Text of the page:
I began with the 80 grit sandpaper, moving in a steady motion across my dining room, making sure to not stop in ANY spot. This sander is able to sand in any direction because it moves in an orbital motion which made this whole process pretty easy! If I were sanding from finished floors, I would have rented a Deck/Belt sander and used a heavier grit and only in motion WITH the grain. This is the Orbital Sander (medium duty) that I rented. It was pretty easy to move it around. I think that this sander COULD work for sanding down completely finished floors, if you were to use a lower grit (60 grit). Asking a professional is a great way to find out! Home Depot and Lowes have employees at the tool rental department that are very knowledgable.

After passing over the floors once (I changed the sandpaper about three times when it began to wear down), I made another trip around with 120 grit sandpaper. This smoothed the wood a little more.

I noticed some bleed back after this. Bleed back is when the oils from a previous stain that were deeply penetrated into the wood grain, start to resurface. After trying multiple techniques (baking soda, cloths, mineral spirits) I found that letting the oils fully surface overnight (or even longer) was the best option. After the oils completely surfaced, I sanded again with 120 grit!

I then sanded around the edges using my Dad's hand orbital sander. Most tutorials will suggest renting an edger from the tool rental department. This is also a great option. However, it is more powerful and difficult to control than an orbital hand sander. These are also really affordable and can be used on numerous projects, so it seems worth it to me to purchase one for this project! Rather than paying for a rental that you would only use once.

I used 80 grit and 120 grit as well for this, making sure again that the sander is not held in one spot for too longer and constantly in a pattern. I made sure that the wood tone was exactly the same as the rest of my floors. I also went around smaller/hard to reach areas with my mouse sander!

Once the floors were completely sanded, It was time to clean them in preparation for stain! I first used a shop vac (it will clog your filter if you use your regular vacuum). After vacuuming up most of the dust, I used a DAMP rag to absorb more. I then went back and used mineral spirits to remove any oils and left over dust. I did this by soaking some old cloths with mineral spirits and squeezing them out until the cloths were damp (making sure to wear gloves and a mask). It is very important to make sure that the surface of your floors are completely clean!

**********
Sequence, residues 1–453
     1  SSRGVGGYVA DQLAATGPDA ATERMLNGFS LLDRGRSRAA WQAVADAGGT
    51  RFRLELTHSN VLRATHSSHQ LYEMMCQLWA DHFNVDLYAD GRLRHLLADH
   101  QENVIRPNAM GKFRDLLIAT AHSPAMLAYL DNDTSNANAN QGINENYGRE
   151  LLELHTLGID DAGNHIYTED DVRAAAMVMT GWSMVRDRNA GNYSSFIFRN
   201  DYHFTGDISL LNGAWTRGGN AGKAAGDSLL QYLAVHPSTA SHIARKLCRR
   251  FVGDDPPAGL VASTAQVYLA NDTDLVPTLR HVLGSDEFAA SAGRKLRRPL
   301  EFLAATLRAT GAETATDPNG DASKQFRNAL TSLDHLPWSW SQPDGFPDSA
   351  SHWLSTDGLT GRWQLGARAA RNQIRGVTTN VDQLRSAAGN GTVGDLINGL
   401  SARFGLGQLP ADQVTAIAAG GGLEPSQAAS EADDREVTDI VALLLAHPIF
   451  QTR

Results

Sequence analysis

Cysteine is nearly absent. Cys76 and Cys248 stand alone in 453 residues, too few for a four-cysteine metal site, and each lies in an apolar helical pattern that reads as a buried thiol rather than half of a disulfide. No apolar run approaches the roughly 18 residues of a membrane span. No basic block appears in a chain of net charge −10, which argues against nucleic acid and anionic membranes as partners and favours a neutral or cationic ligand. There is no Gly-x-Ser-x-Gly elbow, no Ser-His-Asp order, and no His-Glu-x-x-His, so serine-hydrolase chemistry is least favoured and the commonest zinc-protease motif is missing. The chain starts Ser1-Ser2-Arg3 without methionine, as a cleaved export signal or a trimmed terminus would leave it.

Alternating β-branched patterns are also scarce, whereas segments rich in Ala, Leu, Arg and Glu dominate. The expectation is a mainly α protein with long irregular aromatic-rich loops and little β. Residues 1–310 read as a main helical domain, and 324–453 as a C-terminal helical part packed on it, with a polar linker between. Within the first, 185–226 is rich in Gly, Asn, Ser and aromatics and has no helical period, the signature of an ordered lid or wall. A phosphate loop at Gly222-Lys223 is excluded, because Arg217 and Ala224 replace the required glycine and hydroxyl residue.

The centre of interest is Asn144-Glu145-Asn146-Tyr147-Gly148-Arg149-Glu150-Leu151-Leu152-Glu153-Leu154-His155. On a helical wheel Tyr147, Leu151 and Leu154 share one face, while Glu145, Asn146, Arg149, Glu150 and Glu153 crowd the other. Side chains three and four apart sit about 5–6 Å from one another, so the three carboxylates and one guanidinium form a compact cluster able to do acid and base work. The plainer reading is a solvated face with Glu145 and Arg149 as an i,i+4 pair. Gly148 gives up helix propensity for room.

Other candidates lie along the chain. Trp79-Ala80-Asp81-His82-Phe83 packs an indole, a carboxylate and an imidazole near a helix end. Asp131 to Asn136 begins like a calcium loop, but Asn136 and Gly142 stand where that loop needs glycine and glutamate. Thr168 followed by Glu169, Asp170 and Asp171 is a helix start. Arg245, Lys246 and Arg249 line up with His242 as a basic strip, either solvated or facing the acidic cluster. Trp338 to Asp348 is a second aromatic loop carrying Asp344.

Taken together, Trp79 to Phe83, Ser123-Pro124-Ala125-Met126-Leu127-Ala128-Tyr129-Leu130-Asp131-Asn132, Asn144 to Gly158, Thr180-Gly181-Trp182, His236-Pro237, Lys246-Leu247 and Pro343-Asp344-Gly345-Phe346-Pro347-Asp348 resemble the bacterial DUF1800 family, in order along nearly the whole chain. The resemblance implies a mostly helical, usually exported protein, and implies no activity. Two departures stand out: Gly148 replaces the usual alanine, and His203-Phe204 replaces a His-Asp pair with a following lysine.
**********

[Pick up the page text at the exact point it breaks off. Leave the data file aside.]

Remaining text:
After testing various stains on my floors, I decided to use Varathane Antique White Stain. It went on the most smoothly out of the stains that I tested, and was the most warm white that I could find compared to the others! I purchased 4 quarts for my 900 sq. ft. floors. Because I wanted to mute down the red tones in my floors as much as possible, I also decided to add in a tiny bit of green stain to my Antique White stain. I did this by going to Home Depot and purchasing this tintable stain. I had them tint it to "Calm Spring" green (there are only a few colors to choose from). When this was done, I added two teaspoons to each quart of my white stain and stirred very well. I would recommend having Home Depot add it into your stain for you if you decide to go this route. They can mix it in at the paint counter!

Here are the supplies that I used for staining:

-Stain (I used 4 quarts for 900 sq ft.)

-Green Stain (cool springs, 1 quart)


-Applicator Handle


-Tray Liners




-Knee pads (not necessary but super helpful)

Because white stain can easily overlap on wood floors (typically not an issue with other stains), I would recommend applying with the grain of your wood in long strips, NOT stoping until you reach the end of your section. If you have an area of your home that is long (like from my dining room into my living room) I would suggest working with at least one other person so that you can apply and wipe the stain in the same amount of time that you are the rest of your floors. I made the mistake of applying it across my floors in wide sections against the grain at first, and had to correct stain overlap.

My technique for applying the stain involved dipping the applicator in stain and brushing it onto the wood in my section. Once I figured out the correct technique I would work with about four-five planks width and apply all the way down to the wall. After applying I would almost immediately go back and begin to wipe it off. The first wipe will get most of the stain up (having a LOT of rags is necessary). I then would immediately go back and buff it all with a clean rag to smooth out any smudging. It is important to make sure that the stain sits on your floors for the same amount of time for every part of application. I also made sure to work in a way that I backed myself out of the front door. The stain can not be walked on until it is completely dry!